Millennium Post

Of nationalism and elections

Of nationalism and elections

Turkey was appalled when Israeli PM Benjamin Netanyahu announced his pledge to annex Jordan Valley if he is elected to power again in the upcoming polls. Jordan Valley is the eastern-most part of the Israeli-occupied West Bank that borders Jordan. Terming such a proposition as dangerous and racist, the Turkish government regards itself as a champion of the Palestinian cause and has never shied away from criticising Israel. Netanyahu's intention to annex Israeli settlements in the wider West Bank upon his re-election, however, speaks of matters beyond Israel-Palestine conflict. The Turkish Foreign minister expressed through a tweet that "The election promise of Netanyahu, who is giving all kind of illegal, unlawful and aggressive messages before the election, is a racist apartheid state". He went on to add that "Will defend rights and interests of our Palestinian brothers&sisters till the end". As expected, for the Palestinian people, Netanyahu's statement came as a threat to any hopes of peace. Israeli PM's bombastic announcement is indeed a cynical play of electorally motivated right-wing nationalism and this brings to the table some discussion over furthering the cause of right-wing politics in general. In the Indian context, a parallel may be drawn with its Hindu nationalist government realising its aim to disempower Article 370 which conferred special status to J&K. In a very dramatic move, the Indian government bifurcated the state and turned Ladakh and J&K into UTs. This constitutional provision was in many ways discriminating and alienating, systemically separating the people of J&K from the rest of India. The idea to do away with such a provision and bring that state at equivalence with all other Indian states resonated with the common Indian to a great extent. And upon achieving the target, the country to be most unsettled by this was Pakistan, pretending concern for the Kashmiri people when all it really cares about is the territory. The Indian government, however, accomplished this by way of not just fulfilling a promise but keeping in mind the best interest of the common people of the region. Exploiting sentiments of nationalism for electoral gain is no new thing but outraging sentiments of people is not justified. The way to calm uproars is to promise and deliver development.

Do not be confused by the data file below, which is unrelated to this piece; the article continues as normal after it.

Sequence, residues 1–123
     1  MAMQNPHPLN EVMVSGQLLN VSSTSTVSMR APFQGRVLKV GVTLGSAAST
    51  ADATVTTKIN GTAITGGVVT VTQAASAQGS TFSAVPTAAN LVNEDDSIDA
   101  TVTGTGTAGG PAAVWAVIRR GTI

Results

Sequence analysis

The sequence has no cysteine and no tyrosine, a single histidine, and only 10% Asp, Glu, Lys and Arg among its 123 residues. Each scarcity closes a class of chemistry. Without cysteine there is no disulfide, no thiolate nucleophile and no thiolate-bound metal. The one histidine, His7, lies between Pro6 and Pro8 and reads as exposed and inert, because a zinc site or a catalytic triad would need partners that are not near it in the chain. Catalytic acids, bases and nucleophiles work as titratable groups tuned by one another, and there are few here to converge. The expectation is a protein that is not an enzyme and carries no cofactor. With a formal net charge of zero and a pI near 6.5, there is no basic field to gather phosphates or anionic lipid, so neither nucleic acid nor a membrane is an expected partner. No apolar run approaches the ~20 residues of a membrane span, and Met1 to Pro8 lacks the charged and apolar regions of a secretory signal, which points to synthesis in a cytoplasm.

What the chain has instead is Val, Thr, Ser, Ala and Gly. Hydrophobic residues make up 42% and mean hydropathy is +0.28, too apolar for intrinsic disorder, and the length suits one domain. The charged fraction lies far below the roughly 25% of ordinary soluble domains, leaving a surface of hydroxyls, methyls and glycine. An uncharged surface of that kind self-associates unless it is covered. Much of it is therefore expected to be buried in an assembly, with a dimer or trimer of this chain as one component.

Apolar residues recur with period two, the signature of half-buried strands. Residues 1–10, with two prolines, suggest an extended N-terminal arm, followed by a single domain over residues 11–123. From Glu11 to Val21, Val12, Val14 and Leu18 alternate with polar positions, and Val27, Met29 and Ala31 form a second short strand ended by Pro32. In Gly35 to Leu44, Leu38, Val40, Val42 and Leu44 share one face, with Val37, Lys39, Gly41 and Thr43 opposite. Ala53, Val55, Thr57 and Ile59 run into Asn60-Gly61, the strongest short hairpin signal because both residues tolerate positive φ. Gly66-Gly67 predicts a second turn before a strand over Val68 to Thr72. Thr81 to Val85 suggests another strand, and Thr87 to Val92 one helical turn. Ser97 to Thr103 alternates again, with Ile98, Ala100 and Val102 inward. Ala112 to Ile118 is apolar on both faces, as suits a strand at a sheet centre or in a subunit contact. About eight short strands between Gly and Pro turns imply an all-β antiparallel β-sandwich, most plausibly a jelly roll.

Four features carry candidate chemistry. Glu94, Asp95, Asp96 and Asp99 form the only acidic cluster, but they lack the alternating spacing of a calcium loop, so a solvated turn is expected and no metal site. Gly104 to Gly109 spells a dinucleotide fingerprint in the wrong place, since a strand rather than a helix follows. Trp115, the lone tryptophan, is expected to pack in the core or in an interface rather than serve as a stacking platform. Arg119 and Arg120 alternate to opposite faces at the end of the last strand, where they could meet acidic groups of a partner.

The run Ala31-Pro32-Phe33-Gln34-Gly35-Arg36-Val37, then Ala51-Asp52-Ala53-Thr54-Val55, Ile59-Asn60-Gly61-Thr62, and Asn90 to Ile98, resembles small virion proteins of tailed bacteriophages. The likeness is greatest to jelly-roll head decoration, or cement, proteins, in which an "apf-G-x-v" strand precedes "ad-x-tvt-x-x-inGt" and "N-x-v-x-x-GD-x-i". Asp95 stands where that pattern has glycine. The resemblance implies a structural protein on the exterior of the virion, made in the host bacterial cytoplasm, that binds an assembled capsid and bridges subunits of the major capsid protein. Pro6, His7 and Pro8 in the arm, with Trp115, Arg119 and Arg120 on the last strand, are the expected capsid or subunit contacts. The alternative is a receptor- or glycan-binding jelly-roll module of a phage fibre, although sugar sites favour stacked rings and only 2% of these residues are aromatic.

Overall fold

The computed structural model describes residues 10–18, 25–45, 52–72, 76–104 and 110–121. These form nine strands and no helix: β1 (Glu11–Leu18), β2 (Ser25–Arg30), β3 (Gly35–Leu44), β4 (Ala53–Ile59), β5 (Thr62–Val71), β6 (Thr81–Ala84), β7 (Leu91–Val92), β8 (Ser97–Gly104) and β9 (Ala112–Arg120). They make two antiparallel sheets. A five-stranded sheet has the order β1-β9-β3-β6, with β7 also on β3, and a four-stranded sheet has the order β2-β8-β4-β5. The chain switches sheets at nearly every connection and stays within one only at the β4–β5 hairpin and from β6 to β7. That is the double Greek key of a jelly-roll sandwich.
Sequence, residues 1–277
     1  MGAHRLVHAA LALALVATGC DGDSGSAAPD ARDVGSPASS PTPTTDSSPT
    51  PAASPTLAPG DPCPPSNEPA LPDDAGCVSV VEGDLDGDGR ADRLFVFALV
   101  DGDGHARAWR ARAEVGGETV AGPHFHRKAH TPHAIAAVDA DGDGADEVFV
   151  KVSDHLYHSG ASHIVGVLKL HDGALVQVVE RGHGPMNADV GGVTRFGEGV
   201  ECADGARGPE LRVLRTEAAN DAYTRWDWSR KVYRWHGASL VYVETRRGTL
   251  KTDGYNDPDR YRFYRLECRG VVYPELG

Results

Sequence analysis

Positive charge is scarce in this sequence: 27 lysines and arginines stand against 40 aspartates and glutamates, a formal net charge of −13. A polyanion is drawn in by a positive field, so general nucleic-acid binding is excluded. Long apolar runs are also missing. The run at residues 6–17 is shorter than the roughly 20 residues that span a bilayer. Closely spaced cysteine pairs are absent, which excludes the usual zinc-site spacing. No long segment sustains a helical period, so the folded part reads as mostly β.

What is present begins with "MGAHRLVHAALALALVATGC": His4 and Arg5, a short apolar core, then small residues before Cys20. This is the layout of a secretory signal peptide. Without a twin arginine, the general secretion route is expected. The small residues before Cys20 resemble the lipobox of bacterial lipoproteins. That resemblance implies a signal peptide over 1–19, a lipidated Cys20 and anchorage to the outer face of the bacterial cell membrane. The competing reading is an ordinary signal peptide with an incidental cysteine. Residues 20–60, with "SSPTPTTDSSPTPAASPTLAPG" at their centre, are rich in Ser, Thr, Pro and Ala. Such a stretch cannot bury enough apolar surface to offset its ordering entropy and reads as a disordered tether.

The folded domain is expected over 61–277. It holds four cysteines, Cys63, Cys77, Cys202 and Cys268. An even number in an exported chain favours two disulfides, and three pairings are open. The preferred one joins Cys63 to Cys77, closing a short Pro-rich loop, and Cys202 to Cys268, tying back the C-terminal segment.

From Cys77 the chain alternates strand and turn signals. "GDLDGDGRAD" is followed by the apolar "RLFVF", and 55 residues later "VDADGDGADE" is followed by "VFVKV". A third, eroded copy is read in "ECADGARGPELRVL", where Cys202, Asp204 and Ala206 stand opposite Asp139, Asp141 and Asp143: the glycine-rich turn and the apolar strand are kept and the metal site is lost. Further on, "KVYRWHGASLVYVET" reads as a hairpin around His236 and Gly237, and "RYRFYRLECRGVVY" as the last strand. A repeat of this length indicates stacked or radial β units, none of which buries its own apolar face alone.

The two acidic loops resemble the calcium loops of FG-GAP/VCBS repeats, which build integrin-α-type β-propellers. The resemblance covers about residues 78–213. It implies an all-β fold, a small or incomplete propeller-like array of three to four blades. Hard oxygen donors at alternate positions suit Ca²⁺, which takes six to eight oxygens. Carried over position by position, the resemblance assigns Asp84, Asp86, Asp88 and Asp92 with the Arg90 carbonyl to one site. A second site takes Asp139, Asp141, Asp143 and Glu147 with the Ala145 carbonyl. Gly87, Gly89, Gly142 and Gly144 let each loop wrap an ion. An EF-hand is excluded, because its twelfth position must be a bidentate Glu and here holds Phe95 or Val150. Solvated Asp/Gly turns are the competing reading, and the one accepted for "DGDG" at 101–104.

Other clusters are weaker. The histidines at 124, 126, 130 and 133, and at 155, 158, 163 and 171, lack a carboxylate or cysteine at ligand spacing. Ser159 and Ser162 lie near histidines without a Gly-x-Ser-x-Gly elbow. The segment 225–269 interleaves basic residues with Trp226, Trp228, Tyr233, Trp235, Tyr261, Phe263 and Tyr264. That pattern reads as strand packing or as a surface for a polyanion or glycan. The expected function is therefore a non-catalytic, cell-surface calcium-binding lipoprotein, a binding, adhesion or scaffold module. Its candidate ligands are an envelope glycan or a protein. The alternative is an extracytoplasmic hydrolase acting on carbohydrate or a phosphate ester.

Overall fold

Editorial

Editorial

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